Three or four times a week we eat dinners cooked by my younger brother, Jim, who runs a meal-preparation business out of my parents' house. (Filling out the family circle is my sister Joy, who works in a staffing company and supplies me with employees.) I hardly ever cook myself. Business books always tell you to do the things you're passionate about and delegate the rest. I don't see why you can't do that at home as well as in the office.

On Wednesday nights I take piano lessons, but most evenings I scrapbook before going to bed. It provides the mental downtime most people get while driving but I miss because everything in my world is just a block or two away. While my hands are busy my mind floats freely: It's my most creative period of the day. I work on a couch next to a PC, and when I come up with an idea or solve a problem I'll jump up and shoot myself an e-mail to read in the office. My husband comes and talks to me too. He doesn't work for ShakespeareSquared, but we started the company together and he's in education. So he has the perfect balance of inside and outside perspective.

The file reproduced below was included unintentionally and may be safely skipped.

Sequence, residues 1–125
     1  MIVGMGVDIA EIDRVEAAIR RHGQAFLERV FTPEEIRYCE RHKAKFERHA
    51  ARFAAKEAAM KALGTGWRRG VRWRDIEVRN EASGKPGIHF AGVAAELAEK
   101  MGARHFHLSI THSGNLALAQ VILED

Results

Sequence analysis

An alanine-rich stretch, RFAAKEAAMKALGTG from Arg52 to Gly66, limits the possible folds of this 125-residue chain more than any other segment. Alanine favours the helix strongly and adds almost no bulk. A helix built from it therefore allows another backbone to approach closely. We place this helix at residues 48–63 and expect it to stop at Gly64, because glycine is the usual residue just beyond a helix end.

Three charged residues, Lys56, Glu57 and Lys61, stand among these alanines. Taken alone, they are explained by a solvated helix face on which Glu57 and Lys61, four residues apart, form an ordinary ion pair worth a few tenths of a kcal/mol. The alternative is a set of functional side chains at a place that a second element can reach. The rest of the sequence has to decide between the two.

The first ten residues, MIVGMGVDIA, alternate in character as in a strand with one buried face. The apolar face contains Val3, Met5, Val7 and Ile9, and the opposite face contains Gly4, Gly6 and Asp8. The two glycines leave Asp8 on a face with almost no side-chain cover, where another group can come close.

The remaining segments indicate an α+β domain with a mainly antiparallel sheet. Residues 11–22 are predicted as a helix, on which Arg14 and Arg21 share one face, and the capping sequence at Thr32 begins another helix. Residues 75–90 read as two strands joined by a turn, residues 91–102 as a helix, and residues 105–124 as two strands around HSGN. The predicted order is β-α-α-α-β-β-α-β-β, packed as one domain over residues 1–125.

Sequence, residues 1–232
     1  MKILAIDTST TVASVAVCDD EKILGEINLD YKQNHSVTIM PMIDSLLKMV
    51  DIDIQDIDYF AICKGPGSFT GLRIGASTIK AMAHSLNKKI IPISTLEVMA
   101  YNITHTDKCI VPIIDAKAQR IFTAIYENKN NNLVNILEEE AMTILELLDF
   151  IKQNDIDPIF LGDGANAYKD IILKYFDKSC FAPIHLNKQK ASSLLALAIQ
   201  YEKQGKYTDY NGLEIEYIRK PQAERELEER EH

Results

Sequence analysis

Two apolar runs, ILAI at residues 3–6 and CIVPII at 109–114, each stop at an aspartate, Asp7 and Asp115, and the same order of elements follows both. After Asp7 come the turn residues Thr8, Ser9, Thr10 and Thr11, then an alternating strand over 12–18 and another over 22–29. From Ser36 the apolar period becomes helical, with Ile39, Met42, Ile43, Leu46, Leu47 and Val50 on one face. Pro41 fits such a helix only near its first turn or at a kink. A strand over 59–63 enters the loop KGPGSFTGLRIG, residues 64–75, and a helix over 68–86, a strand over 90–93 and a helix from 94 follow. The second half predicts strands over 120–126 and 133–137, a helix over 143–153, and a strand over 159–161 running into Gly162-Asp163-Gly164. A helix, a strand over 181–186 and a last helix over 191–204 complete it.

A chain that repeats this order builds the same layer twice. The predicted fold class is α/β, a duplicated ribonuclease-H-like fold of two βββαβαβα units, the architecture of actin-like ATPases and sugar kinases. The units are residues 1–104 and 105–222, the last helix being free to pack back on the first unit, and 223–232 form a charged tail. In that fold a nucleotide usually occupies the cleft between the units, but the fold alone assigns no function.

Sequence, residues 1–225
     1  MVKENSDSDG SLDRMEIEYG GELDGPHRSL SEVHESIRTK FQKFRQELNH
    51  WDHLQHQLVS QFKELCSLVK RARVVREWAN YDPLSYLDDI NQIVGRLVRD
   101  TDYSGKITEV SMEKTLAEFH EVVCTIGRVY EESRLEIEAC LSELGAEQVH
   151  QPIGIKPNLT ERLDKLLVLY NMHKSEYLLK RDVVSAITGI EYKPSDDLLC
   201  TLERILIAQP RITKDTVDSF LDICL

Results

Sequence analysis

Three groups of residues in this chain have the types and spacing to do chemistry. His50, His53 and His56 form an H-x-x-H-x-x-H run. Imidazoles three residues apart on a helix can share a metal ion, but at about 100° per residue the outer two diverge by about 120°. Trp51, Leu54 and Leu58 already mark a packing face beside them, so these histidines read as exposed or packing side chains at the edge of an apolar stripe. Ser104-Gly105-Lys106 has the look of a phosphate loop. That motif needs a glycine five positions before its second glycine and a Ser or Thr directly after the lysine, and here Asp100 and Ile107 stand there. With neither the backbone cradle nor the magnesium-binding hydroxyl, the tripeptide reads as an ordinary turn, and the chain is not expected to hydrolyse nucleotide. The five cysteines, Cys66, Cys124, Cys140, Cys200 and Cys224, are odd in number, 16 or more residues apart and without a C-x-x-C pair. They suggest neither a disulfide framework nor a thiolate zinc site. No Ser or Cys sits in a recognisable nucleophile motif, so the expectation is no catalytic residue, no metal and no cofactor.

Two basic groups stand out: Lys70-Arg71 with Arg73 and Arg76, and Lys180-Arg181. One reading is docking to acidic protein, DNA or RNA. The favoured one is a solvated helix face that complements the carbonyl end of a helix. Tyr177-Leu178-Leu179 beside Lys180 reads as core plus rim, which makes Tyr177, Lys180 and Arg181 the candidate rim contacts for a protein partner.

We've grown more than 800 percent in the past three years, and we can grow bigger and faster. But I have to keep these boundaries in my life. I have to preserve the relationships--with my family, with my staff, and with my friends. Success doesn't mean anything if you lose people along the way.